There’s no doubt that Million Dollar Baby will have its fair share of detractors in the 2020s given its dated techniques and how it embellishes in drawing out dramatic sequences filled with dialogue (to the point of boredom for some), but it is a film that excels in parts and features performances that aren’t to be missed. It’s not exactly the go-to film when thinking of Best Picture Oscar winners, but at least it isn’t as bad, bland or offensive as the films that have been listed thus far.

18. Slumdog Millionaire – 2009

The other nominees: The Curious Case of Benjamin Button; Frost/Nixon; Milk; The Reader

Significant in how it marked a huge step for Digital filmmaking in an era where push-back against the filmmaking technique was as strong as it ever would be again, Slumdog Millionaire proved that celluloid wasn’t the only way to shoot a crisp and stylised picture, director Danny Boyle fusing the music and colour of Bollywood with the rapid, arthouse techniques of his filmic upbringing to tell a tale reminiscent of the formative years of the American Dream, and thus very much in the Academy voters’ wheelhouse.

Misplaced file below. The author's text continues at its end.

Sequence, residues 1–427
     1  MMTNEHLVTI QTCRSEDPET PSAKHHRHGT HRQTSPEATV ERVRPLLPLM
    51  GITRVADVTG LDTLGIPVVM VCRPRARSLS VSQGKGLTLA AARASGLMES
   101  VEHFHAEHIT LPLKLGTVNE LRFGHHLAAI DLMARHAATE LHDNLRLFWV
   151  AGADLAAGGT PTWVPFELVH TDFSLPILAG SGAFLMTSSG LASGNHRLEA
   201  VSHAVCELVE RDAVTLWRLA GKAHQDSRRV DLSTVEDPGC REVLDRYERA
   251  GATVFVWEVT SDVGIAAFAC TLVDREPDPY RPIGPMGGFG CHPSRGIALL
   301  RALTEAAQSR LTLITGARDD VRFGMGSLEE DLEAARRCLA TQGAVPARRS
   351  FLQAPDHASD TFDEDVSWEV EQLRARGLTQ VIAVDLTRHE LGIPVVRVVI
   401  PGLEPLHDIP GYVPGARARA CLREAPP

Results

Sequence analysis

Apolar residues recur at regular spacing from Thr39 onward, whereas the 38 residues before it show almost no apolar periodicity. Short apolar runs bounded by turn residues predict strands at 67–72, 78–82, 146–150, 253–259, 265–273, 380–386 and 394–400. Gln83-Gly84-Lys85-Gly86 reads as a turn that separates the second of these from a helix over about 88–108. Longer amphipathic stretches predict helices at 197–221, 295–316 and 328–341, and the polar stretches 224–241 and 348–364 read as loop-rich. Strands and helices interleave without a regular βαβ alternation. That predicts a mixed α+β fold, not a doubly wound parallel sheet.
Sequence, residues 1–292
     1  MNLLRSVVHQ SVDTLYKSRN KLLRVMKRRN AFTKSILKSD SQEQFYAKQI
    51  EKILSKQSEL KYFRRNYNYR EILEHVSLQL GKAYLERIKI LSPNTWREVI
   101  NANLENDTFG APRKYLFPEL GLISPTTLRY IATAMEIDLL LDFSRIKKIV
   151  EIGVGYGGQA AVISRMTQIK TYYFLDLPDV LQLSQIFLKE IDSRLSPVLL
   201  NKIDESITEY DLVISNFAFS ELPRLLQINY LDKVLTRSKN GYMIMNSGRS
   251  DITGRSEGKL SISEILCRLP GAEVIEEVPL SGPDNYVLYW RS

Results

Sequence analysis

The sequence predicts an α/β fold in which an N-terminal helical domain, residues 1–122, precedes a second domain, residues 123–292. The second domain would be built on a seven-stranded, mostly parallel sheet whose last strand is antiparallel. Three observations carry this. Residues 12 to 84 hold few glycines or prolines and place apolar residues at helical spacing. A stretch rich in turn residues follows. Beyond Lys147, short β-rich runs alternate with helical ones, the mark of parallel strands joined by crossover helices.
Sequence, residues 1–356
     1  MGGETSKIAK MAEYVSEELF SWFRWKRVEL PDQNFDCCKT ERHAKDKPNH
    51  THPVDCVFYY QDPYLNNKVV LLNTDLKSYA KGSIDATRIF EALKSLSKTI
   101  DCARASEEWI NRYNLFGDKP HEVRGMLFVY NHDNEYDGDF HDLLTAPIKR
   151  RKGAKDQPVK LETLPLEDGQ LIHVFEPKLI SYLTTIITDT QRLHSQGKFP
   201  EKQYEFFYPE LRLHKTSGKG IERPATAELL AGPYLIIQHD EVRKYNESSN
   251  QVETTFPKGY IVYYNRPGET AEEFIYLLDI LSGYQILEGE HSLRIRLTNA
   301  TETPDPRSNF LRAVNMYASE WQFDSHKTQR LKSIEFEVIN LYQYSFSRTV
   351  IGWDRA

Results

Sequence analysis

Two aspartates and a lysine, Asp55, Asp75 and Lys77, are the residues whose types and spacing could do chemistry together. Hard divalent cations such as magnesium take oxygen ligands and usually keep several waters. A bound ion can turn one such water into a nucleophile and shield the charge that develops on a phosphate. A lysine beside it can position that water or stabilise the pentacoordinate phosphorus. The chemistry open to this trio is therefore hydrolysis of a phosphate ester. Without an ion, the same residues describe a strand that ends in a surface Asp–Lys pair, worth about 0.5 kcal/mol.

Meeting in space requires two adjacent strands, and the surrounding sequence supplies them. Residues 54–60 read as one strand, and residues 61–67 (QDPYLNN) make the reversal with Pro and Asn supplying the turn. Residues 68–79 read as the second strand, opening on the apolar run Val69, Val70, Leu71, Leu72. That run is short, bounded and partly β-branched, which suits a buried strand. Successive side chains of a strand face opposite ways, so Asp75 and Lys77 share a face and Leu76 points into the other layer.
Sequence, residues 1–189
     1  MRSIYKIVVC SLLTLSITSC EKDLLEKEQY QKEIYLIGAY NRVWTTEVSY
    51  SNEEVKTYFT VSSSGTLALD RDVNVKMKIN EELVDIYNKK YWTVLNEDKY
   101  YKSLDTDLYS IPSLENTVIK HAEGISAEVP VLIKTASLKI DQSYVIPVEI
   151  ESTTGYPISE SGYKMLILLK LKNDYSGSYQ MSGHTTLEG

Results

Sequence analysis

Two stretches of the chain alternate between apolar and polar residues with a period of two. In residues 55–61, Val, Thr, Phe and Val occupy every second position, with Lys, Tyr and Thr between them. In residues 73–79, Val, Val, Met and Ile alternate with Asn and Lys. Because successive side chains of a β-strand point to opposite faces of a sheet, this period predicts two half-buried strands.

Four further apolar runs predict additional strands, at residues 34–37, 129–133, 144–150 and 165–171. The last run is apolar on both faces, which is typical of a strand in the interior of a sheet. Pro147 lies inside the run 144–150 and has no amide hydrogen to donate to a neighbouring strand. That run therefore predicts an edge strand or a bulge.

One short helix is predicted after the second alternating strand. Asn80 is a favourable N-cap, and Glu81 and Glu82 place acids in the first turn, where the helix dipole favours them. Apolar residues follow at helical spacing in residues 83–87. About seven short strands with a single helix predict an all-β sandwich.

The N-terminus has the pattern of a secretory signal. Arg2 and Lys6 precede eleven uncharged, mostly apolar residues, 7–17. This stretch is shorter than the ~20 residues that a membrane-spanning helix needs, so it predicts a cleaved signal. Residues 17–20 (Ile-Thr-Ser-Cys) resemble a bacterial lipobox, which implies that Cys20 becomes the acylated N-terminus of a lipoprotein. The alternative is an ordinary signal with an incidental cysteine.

Starring relative unknown Dev Patel in a breakout role that would thrust him on to become one of the top actors of his generation, and made a part of the public consciousness by a pop music collaboration between The Pussycat Dolls and Indian composer A.R. Rahman, Slumdog Millionaire was more of a cultural phenomenon than many of the Best Picture winners would go on to be throughout the 2010s, yet remains an unusual outlier in the Oscars’ Best Picture winners list.

Slumdog Millionaire took up the mantle of awards season underdog in a way that mirrored the movie’s own narrative, the surprise box office success of the film – going from being played in 10 theaters in the US to over 2,000 in a matter of weeks – only reinforcing the point; whilst Slumdog also fit into the boxes of “inclusive”, “individualistic” and “capitalist”, each of which the Academy so often lean towards. Perhaps more insipidly, Hollywood was predicting that India’s one billion person population was set to become one of the world’s largest box office markets, and thus an open arms embrace of an Indian co-production set within the nation was seen as likely to be financially beneficial for most influential figures across Hollywood’s biggest studios, and thus the Academy.